PAUL Jennings, author of The Local: A History of The English Pub, looks back at one of Bradford's oldest surviving pubs - the Duchess of Kent.

"When so many old pubs have closed, it’s nice to hear that one has recently reopened, as has the Duchess of Kent in Sackville Street. Especially as it is one of the older surviving buildings in the city centre.

William Brayshaw bought a plot of land in 1849 for £154 and on it built a beerhouse which became the Duchess of Kent, after the mother of Queen Victoria, in a common enough royalist gesture. The Queen, Albert and her numerous children provided names for many pubs.

It was in what was then Southgate, which ran from Westgate down to Thornton Road, and which was at that time a notorious street for rough drinking places and prostitution. Bradford at the time was the fastest-growing industrial town in the country, as people moved there in their thousands for work in its mills, swelling the population by 1851 to over 100,000.

Perhaps to get away from seedy associations, when Sunbridge Road was created in the 1870s, bisecting it, the upper part became Sackville Street. But it didn’t entirely escape the attentions of moralists. In 1890, then landlord Thomas Sadler was prosecuted for permitting an exhibition of singing and recitations of ‘an improper character’ in the pub’s music saloon. Two police officers had attended on three nights and heard a male vocalist sing a song containing a ‘suggestive allusion’ as well as other objectionable songs about a policeman lodger and the Salvation Army, among others. The case was dismissed on a legal technicality but Sadler lost his music licence, although the music room was revived to receive the attentions of a new Chief Constable a decade later, seeking to get rid of what he claimed were minor music halls where drink was freely available throughout the performances. Of his targeted 37, however, only five eventually were refused, but which included again the Duchess.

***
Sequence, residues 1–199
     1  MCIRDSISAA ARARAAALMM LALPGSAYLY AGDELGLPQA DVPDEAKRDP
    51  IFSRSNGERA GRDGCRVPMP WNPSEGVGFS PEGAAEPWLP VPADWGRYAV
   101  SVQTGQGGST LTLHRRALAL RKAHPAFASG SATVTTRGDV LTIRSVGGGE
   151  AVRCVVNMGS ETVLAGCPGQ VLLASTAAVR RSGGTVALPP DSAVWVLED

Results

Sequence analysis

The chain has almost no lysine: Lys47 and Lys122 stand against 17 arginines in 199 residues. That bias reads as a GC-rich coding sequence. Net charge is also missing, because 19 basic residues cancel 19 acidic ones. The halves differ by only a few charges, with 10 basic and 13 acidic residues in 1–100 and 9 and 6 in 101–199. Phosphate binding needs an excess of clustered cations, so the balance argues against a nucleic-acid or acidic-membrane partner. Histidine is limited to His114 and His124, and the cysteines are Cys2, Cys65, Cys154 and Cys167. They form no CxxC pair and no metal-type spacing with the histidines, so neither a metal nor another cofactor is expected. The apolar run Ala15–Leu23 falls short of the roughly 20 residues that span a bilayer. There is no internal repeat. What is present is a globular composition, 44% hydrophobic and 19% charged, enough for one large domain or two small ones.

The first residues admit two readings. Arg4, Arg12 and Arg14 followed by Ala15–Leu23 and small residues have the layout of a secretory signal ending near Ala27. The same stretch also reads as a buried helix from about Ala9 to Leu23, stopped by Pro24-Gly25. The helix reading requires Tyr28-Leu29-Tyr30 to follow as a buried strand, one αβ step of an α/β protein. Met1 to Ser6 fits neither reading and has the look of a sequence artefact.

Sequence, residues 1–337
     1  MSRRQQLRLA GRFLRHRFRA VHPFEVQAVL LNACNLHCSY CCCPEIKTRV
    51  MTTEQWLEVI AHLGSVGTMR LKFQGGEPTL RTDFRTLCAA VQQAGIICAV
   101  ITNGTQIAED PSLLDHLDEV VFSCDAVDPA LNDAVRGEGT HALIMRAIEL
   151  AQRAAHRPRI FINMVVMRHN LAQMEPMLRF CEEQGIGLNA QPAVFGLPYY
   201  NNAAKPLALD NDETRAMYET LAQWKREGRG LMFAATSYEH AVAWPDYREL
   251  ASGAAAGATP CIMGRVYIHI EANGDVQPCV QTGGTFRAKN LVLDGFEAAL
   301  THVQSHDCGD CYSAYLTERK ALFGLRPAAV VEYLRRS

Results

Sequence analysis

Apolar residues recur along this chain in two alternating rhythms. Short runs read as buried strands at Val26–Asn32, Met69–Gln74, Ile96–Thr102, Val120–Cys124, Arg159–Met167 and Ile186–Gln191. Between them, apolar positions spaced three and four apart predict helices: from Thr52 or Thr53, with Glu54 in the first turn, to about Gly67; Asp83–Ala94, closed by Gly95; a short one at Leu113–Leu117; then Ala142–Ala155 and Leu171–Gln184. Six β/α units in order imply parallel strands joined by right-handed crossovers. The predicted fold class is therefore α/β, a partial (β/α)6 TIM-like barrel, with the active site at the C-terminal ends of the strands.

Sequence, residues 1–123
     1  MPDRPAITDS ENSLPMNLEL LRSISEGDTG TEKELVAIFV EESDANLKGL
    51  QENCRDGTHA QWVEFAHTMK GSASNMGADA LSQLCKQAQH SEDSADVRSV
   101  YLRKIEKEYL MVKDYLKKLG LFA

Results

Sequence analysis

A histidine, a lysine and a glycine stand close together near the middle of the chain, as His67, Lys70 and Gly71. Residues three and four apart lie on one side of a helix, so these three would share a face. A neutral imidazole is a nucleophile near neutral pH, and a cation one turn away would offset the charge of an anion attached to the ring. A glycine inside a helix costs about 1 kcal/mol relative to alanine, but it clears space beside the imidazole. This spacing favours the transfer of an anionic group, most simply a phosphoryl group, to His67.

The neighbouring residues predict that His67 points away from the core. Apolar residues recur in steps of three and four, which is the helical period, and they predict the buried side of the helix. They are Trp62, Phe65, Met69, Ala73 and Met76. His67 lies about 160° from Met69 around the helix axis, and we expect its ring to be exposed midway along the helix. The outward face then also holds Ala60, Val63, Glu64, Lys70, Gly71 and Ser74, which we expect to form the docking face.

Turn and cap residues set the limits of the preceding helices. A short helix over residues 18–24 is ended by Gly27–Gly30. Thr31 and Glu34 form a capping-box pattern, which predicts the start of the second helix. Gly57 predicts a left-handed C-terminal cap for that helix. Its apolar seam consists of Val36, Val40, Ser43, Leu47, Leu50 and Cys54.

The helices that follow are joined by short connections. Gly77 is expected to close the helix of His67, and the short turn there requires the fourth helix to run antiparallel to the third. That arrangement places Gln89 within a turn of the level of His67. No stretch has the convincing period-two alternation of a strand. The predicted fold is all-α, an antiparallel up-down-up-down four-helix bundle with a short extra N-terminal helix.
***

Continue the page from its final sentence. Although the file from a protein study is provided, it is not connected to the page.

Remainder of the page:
Brayshaw, after several attempts, had eventually been successful in obtaining a full drinks licence for the pub and on his death in 1883 it was sold to Brear and Brown of the Hipperholme Steam Brewery. This brewery was later acquired by brewers Wallers of Bradford, and in turn by the Melbourne Brewery of Leeds and hence to Tetleys. During the inter-war years one landlord was John Flanagan, who served on the council for Labour, unusually in that publican politicians tended to support the Conservatives. But in these quieter times, the pub didn’t entirely escape the unrulier element. In 1921 a man selling goods from pub to pub was asked to leave due to his bad language. He responded by breaking three large windows with two pickaxes.

When I frequented it at times in the late 1970s and early 1980s, from when the photograph dates, it was quieter, usually lunchtime or early evening. I found it a nice example of a basic, unassuming city-centre pub. I remember with a small group in the little room beyond the bar watching Alex Higgins win the 1982 world snooker championship and the ‘tidal wave of adrenalin’ on which he took the final frame. One of those pub moments.